Aged care residents have unacceptably high rates of malnutrition. Malnutrition Week – October 4-8, 2021 – provides an opportunity to look at the causes, and ask what more can be done.

The Royal Commission into Aged Care Quality and Safety found 50% of nursing home residents are malnourished or at risk of becoming malnourished.

Dietitian Connection, a collective of more than 8,000 Australian dietitians, says they are seeing growing numbers of older Australians in aged care and community care who are either malnourished or at risk of becoming so.

Dr Jane Winter, Accredited Practicing Dietitian, told HelloCare all aged care staff can play a role in supporting older people to consume the nutritional intake they require.

People entering aged care are already a “frail, vulnerable” population and, as such, are often already malnourished or at high risk of malnutrition.

They are often frail and have some degree of cognitive decline, their mobility is restricted, and it’s quite likely they have not been looking after themselves properly at home.

In addition, conditions within aged care often don’t help residents be well-nourished.  “Some aged care facilities are fantastic [with food], but others not so much,” Dr Winter said.

The quality of the food may be disappointing, but also the range of food on offer may not be what the resident prefers. 

Staff also often lack training, both in the food required to maintain nutrition and how to support the resident to eat. For example, busy staff may remove the resident’s meal before they have finished eating, or they may not have time to sit with the resident to help them finish their meal.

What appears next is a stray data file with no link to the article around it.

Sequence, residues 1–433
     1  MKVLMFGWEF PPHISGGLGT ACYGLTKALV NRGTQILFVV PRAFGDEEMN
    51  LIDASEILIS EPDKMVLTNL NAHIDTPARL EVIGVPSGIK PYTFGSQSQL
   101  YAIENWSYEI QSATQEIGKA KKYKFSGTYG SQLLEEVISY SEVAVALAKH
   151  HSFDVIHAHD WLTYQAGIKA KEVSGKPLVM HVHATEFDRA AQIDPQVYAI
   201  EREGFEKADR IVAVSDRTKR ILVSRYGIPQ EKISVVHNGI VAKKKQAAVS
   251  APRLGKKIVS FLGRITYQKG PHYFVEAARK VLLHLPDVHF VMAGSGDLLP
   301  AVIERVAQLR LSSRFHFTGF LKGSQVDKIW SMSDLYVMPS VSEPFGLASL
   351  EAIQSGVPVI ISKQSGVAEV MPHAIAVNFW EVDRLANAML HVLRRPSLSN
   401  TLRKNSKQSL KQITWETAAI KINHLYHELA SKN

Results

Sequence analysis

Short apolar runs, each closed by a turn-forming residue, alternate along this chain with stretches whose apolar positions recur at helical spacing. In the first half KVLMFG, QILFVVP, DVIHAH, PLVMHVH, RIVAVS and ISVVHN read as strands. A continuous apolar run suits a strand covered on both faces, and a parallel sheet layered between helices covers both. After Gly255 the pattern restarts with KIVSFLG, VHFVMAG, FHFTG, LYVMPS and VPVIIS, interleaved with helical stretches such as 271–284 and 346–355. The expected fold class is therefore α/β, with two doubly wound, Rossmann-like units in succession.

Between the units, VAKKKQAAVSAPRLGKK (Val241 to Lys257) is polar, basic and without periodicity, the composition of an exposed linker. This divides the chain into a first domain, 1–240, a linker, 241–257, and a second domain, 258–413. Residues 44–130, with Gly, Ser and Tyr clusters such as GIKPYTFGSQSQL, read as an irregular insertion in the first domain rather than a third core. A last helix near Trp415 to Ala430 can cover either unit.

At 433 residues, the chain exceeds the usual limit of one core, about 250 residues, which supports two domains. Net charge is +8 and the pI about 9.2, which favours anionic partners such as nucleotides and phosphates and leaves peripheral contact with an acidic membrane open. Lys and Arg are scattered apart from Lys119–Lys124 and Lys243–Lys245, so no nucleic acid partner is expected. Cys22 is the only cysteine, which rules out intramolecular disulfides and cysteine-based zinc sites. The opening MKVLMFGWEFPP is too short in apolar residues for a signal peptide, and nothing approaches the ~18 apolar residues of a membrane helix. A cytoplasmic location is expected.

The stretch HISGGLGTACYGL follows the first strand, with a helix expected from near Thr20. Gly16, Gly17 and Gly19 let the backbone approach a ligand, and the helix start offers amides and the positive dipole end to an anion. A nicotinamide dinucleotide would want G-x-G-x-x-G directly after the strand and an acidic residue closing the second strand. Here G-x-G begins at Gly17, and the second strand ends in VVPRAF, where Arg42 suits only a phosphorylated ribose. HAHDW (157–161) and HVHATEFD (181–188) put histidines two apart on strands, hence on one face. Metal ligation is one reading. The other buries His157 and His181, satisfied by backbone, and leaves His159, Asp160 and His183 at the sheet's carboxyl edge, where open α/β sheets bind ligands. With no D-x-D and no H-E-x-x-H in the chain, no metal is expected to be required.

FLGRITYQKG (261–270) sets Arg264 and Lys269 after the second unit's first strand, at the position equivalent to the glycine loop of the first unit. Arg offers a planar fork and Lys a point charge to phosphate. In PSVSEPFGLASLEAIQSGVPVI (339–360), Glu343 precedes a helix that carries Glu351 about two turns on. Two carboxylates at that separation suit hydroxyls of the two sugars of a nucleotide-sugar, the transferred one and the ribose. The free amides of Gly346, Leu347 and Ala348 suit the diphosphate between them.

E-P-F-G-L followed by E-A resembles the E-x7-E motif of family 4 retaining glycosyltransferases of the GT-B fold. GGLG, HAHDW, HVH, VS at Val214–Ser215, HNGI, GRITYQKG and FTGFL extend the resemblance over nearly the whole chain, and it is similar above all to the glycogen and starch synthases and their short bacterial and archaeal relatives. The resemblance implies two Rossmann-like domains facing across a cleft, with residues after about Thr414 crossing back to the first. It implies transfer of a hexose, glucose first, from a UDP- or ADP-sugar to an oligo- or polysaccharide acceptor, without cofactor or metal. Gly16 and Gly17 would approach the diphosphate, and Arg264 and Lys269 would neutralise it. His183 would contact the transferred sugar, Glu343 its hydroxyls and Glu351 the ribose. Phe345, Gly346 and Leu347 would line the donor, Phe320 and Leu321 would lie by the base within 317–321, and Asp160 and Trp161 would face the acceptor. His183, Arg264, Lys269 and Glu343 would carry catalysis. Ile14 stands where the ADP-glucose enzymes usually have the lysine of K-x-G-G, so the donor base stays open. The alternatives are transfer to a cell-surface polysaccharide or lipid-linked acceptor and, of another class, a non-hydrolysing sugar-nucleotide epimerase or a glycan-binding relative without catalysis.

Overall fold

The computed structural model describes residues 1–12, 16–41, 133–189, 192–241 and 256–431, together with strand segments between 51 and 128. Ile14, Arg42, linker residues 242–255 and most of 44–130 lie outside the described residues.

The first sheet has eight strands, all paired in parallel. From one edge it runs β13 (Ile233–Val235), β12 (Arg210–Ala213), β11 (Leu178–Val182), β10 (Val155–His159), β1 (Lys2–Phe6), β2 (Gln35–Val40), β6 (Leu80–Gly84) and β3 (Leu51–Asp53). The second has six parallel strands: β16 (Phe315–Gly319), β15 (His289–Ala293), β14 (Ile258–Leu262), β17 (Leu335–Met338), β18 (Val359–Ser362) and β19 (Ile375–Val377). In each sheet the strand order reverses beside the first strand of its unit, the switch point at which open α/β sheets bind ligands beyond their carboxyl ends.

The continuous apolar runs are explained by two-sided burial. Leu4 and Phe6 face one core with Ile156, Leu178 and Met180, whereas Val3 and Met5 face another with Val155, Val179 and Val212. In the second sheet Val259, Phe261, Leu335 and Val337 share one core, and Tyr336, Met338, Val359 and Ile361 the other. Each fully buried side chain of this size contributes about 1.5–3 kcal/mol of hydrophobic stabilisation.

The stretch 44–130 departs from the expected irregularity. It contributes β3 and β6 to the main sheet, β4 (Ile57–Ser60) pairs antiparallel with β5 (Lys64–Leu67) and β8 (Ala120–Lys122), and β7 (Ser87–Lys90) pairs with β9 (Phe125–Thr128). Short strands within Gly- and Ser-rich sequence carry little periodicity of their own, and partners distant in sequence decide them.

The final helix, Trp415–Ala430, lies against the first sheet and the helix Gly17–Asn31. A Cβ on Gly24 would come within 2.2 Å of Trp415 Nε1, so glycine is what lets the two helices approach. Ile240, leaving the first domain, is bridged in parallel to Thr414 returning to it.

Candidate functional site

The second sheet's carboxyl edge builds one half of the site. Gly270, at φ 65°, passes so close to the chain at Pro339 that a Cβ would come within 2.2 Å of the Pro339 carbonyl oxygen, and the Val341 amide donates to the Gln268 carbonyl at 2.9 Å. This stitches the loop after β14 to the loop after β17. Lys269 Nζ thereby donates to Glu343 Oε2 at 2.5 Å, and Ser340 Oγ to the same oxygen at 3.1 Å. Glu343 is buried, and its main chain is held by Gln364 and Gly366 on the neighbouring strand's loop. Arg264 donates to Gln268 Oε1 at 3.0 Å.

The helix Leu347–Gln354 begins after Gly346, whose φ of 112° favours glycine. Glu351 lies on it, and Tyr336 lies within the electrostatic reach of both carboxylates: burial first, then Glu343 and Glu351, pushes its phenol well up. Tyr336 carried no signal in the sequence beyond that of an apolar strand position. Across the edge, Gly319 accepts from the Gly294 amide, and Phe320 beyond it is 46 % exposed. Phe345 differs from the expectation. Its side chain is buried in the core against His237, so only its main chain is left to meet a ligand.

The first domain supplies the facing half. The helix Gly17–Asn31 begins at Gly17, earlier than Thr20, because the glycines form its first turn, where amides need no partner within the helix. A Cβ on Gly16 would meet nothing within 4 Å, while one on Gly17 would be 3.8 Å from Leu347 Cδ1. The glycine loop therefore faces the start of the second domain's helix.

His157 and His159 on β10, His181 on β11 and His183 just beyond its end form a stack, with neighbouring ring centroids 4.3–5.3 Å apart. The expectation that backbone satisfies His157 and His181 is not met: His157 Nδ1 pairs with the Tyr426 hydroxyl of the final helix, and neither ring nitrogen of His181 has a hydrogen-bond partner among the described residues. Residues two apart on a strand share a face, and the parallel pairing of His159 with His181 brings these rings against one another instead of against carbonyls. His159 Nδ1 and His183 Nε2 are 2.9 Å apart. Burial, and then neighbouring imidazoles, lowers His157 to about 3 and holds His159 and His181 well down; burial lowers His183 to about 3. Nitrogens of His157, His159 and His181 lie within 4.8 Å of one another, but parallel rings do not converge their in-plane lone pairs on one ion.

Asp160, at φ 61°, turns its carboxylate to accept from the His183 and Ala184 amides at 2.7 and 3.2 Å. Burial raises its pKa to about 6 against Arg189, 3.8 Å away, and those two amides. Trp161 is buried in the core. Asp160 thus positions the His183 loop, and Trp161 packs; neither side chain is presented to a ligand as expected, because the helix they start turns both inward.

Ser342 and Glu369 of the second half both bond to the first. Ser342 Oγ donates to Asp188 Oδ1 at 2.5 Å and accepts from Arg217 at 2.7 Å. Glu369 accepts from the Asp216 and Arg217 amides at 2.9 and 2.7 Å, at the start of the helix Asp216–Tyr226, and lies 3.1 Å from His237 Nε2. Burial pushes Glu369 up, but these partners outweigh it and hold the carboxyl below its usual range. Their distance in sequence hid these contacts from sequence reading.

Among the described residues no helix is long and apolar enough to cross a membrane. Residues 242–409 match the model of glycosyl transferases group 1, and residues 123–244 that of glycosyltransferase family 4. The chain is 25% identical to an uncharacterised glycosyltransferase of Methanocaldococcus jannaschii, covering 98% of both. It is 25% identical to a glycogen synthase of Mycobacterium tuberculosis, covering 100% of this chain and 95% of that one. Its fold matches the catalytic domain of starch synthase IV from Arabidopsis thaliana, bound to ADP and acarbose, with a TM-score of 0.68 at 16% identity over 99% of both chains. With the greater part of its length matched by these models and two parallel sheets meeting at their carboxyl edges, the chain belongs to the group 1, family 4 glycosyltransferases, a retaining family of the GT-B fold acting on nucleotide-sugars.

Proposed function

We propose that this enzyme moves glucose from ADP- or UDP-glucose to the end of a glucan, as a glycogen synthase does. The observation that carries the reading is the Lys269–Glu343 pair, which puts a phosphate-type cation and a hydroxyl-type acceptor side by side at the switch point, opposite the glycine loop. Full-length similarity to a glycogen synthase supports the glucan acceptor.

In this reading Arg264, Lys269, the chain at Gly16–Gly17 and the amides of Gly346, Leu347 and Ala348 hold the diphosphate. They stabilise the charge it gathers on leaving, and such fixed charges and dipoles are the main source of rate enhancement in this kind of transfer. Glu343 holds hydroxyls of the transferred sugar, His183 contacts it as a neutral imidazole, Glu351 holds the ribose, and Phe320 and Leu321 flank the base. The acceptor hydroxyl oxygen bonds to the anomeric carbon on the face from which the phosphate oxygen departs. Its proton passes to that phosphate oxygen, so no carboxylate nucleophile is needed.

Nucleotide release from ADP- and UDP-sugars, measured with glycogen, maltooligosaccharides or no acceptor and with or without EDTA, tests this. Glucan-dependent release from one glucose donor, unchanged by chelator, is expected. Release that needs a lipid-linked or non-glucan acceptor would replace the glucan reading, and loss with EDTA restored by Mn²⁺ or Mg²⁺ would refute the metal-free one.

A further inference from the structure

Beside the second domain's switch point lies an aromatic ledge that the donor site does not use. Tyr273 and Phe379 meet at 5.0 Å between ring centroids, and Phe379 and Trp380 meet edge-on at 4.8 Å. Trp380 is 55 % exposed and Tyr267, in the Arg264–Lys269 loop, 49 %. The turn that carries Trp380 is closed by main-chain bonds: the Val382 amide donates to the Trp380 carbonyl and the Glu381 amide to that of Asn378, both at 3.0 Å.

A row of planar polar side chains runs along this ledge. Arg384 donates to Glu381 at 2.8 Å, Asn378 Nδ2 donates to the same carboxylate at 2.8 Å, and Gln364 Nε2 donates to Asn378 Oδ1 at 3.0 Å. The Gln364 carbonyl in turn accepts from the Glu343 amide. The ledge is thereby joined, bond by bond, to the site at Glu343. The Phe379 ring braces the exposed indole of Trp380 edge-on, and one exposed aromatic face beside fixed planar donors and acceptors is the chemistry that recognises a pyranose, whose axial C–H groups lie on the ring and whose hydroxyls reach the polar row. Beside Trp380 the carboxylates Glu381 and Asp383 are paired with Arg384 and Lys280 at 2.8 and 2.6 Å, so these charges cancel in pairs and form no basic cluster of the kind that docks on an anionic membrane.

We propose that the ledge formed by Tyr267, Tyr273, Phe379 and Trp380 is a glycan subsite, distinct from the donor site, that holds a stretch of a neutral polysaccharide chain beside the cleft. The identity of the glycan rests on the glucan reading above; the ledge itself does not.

“Research shows us that even if [residents are] being provided a menu that provides all their requirements, they’re not necessarily eating all of it,” Dr Winter explained. 

The consequences of malnutrition

Malnutrition is clearly linked in research with higher risk of falls and fractures. It’s also associated with poor wound healing, a significant problem considering older people – particularly aged care residents – are at higher risk of developing pressure injuries. 

Malnourished people also have weaker immune systems, so they’re more susceptible to infection. 

Being malnourished impacts muscle strength, which in turn affects mobility and the ability to perform the activities of general daily living, which in turn leads to further muscle loss.

“It becomes a cycle,” said Dr Winter. 

Illness can also contribute to malnutrition. When people don’t feel well their appetite decreases, they stop eating and decline further.  “Malnutrition is well recognised as a risk factor for lots of poor health outcomes, including risk of hospitalisation … and having to go to acute care,” shared Dr Winter.

Malnourished people also tend to have poorer quality of life, she said.

Identifying malnutrition in aged care

All aged care staff can play a role in identifying malnutrition, encouraged Dr Winter.

Kitchen staff, chefs and carers can look out for unfinished meals, and if they do notice a resident hasn’t finished their food, they can alert the clinical team. 

Residents with special diets, such as for cholesterol or diabetes, require attention in case it may be limiting their food choices or needs adjusting.